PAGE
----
On my last school camp I saw four boys huddled around a small pile of stacked together logs, with some old newspaper stuffed into the pile. These boys were about to try and start our campfire. As one of the school camp facilitators, I kept my wary eye on them. I know from personal experience that boys of all ages and fire are a potential formula for blistered fingers and singed hair.
A match was struck and the newspaper went up in flames in a matter of seconds. It went so fast, that the pile of logs didn’t even have a chance to get covered in soot marks. While observing this from a safe distance, the educator in me woke up and I went over to the boys at the fireplace, for some in-depth pyrotechnic educating.
The boys knew the theory on basic fire lighting: heat, fuel, air and a catalyst (person or thing). They also knew of the theory on exponential feeding of a controlled combustion, by starting with tinder, then kindling, followed by adding bigger pieces of wood as the fire grows. As soon as the boys applied this theory in practice, they found out it worked like magic. The educator in me was pleased; I had taught the boys how to properly play with fire.
But my next educational gem, the skill (if not art) of making fire by friction, resulted in four confused faces staring back at me. One of the kids had heard something about rubbing two sticks together, but he thought it was an urban myth. Not having the time (or materials) to demonstrate, I started to explain how it works. Unfortunately I didn’t get to finish my ‘lecture’. Halfway through my ‘lecture’, the campfire was burning nicely and my audience needed to be elsewhere. They left me alone, pondering and wondering, staring into the flames.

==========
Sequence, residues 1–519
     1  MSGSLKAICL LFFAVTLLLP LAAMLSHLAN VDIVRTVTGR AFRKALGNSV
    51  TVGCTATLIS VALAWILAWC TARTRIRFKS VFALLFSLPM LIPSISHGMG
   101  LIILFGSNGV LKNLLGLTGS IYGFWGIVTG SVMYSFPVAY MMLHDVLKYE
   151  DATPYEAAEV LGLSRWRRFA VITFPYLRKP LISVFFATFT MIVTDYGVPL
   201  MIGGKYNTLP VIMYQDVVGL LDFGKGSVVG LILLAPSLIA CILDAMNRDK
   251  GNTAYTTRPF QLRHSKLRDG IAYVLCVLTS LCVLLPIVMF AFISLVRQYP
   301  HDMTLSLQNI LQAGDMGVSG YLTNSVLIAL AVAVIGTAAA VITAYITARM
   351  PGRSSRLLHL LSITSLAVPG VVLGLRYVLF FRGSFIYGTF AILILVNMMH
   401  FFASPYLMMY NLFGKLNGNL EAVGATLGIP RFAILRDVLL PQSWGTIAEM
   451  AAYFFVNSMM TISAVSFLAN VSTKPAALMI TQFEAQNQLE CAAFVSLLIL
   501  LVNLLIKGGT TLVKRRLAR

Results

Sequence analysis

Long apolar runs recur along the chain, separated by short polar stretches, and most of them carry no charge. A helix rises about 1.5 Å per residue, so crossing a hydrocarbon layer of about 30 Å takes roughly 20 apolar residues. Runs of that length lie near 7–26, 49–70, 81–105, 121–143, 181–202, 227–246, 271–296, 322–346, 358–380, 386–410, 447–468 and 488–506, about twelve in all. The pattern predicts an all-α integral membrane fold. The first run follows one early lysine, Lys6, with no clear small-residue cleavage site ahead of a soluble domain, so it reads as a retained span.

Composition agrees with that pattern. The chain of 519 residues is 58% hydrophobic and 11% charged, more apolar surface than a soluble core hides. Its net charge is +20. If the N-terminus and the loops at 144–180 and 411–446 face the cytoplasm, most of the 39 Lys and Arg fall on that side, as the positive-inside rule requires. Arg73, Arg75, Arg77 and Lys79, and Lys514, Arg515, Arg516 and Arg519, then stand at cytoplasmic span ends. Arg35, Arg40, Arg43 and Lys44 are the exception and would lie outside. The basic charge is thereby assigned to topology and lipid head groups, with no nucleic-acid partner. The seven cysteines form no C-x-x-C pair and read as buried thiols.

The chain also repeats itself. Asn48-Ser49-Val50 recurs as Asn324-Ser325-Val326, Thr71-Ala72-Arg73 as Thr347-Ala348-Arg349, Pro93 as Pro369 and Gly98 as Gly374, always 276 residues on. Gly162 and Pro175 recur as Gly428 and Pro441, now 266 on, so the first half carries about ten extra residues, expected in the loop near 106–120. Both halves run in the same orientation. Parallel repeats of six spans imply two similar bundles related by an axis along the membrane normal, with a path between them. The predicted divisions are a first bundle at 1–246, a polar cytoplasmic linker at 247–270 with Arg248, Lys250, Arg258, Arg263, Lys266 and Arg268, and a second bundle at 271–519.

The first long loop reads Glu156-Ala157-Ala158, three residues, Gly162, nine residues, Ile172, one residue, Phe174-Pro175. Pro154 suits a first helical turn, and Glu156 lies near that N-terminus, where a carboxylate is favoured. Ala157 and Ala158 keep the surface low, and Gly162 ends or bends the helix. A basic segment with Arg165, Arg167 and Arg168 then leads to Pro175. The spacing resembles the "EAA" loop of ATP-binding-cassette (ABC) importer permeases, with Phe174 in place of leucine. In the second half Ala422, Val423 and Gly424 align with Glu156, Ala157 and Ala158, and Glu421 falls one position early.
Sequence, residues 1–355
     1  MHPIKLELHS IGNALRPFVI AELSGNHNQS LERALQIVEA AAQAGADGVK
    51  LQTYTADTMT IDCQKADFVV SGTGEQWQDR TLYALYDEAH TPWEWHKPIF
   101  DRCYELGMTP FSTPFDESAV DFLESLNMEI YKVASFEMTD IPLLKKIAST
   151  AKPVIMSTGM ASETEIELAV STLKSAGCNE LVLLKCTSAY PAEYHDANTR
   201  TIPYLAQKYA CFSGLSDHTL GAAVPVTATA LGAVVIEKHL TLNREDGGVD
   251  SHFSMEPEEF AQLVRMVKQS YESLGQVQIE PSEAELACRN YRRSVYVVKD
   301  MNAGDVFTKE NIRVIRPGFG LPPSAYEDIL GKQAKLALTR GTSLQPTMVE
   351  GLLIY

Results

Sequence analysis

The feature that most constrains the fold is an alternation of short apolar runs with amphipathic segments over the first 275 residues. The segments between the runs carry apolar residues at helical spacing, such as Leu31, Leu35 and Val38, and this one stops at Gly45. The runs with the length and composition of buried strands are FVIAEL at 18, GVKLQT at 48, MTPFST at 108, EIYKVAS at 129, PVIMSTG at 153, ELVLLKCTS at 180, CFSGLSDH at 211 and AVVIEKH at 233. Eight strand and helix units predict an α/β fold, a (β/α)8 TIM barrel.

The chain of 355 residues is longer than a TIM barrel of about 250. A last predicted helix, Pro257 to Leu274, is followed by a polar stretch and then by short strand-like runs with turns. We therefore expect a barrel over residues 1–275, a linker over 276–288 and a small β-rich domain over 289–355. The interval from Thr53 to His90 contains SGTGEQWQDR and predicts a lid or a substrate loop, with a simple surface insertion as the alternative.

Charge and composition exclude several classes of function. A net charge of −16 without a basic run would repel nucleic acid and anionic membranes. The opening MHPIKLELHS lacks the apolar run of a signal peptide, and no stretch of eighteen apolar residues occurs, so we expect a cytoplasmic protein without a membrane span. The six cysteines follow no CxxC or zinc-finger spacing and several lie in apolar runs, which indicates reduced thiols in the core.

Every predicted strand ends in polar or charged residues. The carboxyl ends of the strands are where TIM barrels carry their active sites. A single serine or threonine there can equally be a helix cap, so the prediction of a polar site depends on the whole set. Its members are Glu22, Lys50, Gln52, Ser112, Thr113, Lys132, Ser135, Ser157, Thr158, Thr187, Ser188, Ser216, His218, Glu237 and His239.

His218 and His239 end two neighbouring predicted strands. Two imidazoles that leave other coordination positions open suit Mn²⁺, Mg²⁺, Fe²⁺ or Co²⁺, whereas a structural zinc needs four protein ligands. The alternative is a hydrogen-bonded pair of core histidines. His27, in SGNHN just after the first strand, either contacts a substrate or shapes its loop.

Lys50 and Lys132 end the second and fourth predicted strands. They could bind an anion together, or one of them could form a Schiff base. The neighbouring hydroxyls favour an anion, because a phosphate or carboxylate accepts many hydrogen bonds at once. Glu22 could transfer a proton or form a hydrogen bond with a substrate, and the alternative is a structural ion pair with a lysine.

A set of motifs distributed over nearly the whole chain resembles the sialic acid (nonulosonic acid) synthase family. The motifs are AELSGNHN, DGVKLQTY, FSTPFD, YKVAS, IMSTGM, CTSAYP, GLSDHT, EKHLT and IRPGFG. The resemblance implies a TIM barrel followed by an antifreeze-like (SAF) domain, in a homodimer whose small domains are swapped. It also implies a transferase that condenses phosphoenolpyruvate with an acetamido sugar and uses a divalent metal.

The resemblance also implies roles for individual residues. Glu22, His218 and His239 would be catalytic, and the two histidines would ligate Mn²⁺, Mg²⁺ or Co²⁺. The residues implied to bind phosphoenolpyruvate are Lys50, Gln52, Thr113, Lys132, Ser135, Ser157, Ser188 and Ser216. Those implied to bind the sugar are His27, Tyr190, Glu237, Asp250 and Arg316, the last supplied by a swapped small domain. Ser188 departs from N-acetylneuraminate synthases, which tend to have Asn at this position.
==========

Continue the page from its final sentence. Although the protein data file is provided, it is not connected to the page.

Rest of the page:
Later that evening, I told my fellow school camp facilitators about this. I assumed these ‘outdoorsy types’ would know all about it and could demonstrate on the spot. To my surprise, I found that all of them knew of it, but none had ever attempted. As a skill it’s deemed interesting trivia, but apparently not worth experimenting with. Surely people used to do this all the time. Nowadays, virtually nobody can make a fire by just rubbing two sticks together. Even on the TV series “Survivor”, the contestants seem to struggle with it. I guess fire by friction is (becoming) an obsolete, if not almost extinct skill.
I think of myself as being lucky. During my student days I jobbed at a “Bronze Age Living Museum” as a tour guide. Guiding people around the outdoor museum, dressed up in Bronze Age fashion, doing Bronze Age day-to-day things. This is where and how I have learned to make and use a (fire) hand drill and bow drill, demonstrating the ‘art’ of starting of fire from scratch, amongst many other cool things.
The ‘art’ of making fire by friction is just one of many silly little things I enjoy learning about and like experimenting with. I know most people don’t care about (or simply don’t need) these silly little things, which is why they are becoming obsolete, if not extinct. But I reckon, after quite a bit of wondering, pondering and flame staring, that losing these skills (like starting a fire), means losing some of your connection with the Great Outdoors, the real world, also known as the big playground. I fear a lot of people have lost most of it already.
Really, doesn’t making fire by friction have a lot more edutainment value, compared to, let’s say, reaching the next level of the latest ‘point and shoot’ game?
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